At BIMM Berlin, our hugely talented Music Production students get to learn their craft at none other than TRIXX Studios – one of Germany’s most innovative recording complexes. Since 1985, the facility has been responsible for recording, mixing and producing albums from a wide range of international artists, including Bryan Ferry, Dave Gahan, Grandmaster Flash and Razorlight, as well as many local bands who’ve contributed to Berlin’s musical heritage.
We had the chance to speak to Klaus Knapp, the owner of TRIXX, who provides our students with enviable hands-on music production experience thanks to the incredible facilities available at the studio and his knowledgeable team. We spoke with him about launching TRIXX, his favourite artists to work with, and the equipment our Music Production students have access to.
So without further ado – over to Klaus!
What inspired you to launch TRIXX Studios?
After I moved to Berlin to study in the ‘70s, I played guitar in several bands and became fascinated by the craft of sound engineering. So I taught myself about it and soon started to work as an engineer – at first only for live concerts but then also in the studio.
When working in the bigger Berlin studios like Hansa in the ‘80s, I recognised that it was difficult to achieve the popular ‘80s sound there. For many types of pop music, the synth-sequences, drums… everything really… should sound ‘machine-like’. It was impossible to do this with a tight musician and a two-inch tape machine. There was this trick to record at half speed and play back at normal speed to reduce timing inaccuracies, but still – it wasn’t perfect.
When I founded TRIXX together with my former partner and bandmate Bär, apart from our collection of more traditional instruments, we had a sequencer (a Friend Chip ‘Mr. Lab’ and then a Yamaha QX1), some synthesisers, a drum machine and a sampler (E-mu Emulator II) to achieve this typical ‘80s sound. Back in the day, this was our unique selling point! With this set-up we did a lot of commissioned compositions for radio and TV, and we also started to rent out the studio. TRIXX was supposed to be a place where all these modern instruments and sequencers were at the fingertips of musicians and producers.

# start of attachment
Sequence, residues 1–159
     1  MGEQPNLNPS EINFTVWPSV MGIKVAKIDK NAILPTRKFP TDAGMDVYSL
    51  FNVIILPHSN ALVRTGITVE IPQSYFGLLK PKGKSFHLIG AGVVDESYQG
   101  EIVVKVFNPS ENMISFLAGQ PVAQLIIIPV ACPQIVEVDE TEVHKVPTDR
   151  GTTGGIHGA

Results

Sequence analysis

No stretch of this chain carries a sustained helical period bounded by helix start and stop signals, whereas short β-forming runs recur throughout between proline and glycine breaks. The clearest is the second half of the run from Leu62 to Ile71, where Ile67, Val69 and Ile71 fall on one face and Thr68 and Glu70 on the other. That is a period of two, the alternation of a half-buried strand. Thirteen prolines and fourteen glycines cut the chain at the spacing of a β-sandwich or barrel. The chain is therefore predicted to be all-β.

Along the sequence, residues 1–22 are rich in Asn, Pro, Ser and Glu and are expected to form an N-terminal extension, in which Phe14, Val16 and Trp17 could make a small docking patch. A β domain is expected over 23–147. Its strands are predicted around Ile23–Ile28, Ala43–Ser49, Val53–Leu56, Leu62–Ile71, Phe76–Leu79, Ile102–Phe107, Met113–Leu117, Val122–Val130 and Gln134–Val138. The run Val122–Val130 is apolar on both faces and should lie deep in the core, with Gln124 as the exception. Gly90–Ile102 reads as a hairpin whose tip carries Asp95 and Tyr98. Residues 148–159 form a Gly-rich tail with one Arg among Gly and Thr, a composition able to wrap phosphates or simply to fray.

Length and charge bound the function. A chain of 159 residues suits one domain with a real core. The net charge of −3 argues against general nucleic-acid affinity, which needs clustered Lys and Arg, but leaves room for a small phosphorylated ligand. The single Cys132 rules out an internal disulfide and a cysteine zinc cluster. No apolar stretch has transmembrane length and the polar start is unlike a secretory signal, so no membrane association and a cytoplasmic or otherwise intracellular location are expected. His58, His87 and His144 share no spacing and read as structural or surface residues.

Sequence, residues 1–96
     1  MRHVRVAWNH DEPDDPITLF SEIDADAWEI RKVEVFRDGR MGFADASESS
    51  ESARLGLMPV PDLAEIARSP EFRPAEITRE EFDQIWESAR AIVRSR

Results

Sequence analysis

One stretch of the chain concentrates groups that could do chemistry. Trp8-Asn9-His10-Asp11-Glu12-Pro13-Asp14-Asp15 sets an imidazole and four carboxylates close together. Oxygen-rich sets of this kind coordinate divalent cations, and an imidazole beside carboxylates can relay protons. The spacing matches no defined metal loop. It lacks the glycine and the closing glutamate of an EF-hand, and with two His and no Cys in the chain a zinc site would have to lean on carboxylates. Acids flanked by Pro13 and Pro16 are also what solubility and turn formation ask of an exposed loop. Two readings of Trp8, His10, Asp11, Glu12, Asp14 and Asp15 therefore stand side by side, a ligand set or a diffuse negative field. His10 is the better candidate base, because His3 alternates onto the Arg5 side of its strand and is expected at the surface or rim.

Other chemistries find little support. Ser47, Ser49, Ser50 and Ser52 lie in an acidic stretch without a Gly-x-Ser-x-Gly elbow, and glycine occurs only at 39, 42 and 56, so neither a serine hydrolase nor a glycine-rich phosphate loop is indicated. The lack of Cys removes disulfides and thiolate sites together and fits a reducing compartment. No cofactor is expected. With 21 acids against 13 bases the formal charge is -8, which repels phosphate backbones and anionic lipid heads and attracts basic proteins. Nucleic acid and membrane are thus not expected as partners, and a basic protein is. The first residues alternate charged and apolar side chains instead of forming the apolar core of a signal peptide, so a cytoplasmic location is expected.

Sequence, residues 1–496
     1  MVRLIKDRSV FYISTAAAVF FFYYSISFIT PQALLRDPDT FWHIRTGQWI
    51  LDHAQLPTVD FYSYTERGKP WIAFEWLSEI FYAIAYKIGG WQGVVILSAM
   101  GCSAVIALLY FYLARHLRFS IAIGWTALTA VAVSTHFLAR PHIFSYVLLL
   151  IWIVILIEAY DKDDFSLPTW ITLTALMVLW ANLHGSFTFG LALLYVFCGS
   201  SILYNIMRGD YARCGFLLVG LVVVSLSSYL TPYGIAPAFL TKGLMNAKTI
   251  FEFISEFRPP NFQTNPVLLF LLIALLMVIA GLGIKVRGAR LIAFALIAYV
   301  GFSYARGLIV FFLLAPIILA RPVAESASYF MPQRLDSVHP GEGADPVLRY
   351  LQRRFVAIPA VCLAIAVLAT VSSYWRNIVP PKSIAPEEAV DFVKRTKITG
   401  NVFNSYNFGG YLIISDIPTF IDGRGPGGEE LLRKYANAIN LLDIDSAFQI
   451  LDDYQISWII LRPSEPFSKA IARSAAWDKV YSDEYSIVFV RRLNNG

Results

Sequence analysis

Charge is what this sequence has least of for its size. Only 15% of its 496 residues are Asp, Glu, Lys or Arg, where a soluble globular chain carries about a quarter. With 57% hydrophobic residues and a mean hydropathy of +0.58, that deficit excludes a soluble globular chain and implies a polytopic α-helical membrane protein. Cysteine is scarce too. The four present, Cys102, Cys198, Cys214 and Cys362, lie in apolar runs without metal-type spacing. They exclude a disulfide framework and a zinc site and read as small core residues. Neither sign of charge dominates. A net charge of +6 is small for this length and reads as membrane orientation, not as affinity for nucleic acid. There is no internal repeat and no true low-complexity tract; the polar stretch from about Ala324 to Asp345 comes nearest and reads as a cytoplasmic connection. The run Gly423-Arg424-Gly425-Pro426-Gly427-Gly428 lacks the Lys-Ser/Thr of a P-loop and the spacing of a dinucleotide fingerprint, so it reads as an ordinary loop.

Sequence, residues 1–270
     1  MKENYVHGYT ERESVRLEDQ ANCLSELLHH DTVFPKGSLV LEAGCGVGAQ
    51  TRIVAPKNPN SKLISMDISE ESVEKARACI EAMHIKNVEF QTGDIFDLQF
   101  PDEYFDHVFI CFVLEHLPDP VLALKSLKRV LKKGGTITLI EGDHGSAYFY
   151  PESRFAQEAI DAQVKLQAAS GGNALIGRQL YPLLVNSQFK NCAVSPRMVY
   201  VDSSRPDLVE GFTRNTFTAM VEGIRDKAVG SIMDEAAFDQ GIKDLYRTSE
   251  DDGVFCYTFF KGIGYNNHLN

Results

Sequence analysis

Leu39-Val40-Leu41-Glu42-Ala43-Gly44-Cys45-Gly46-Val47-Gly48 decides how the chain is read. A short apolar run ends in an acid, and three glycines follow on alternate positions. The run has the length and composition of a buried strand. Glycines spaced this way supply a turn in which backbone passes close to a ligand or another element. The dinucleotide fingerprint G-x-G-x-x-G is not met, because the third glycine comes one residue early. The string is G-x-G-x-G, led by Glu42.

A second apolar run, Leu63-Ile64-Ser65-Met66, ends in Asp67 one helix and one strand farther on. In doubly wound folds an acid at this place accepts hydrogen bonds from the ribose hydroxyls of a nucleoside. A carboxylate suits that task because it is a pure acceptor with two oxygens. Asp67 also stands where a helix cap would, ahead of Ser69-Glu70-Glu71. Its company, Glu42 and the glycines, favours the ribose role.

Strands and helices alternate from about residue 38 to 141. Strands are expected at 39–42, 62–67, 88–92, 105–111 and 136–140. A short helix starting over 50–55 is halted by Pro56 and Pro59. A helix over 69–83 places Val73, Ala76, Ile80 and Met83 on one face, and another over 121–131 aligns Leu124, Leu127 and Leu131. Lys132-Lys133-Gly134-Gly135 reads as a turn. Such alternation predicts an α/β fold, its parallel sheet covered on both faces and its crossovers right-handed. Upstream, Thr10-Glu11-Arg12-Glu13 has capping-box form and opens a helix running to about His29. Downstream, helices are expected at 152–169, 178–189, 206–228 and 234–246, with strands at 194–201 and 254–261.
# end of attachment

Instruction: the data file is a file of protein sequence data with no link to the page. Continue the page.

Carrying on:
What have been your main highlights since you launched TRIXX?
There have been so many! One of my all-time favourite bands, Fleetwood Mac, mixed some live recordings here. Recording with Rammstein on their first single ‘Engel’ was also a highlight. We had other great internationally acclaimed artists record here too, like Einstürzende Neubauten, Wu-Tang Clan, Nicki Minaj and Maceo Parker.
I also really enjoyed producing and mixing several German pop and hip-hop artists, like Wolfsheim, Yvonne Catterfeld and Sido, as well as DJ Derezon and Oliver Pinelli. And more recently, my son Tim Knapp produced a track with Wolfgang Tillmans at TRIXX which was released on Frank Ocean’s ‘Endless’ album.
What equipment do BIMM Berlin students get to work with at TRIXX Studios?
They can work with all the gear we have at TRIXX: from legendary microphones (Neumann U47, AKG C12, etc.) and classic outboard (Neve, Tube-Tech, SSL, Avalon, Focusrite, AKG Spring Reverb, etc.), to our collection of vintage keys (Hammond C3, Minimoog, Prophet 5), guitars (Fender Stratocaster 1969, Gretsch Semi-Acoustic 1962) and amps (Vox AC30 1965, Fender Bassman 1962). The students get to know the sound and workflow of an analog recording studio which has grown over time.
What advice would you give to a new musician launching their career at BIMM Berlin?
Take the chance to meet a lot of creative people and check out the unique club and live music scene in Berlin. Hit the stage as often as you can. Have fun, work hard and stay tuned!
What are you currently listening to?
I’m really into the last album by Kate Tempest: ‘Let Them Eat Chaos’.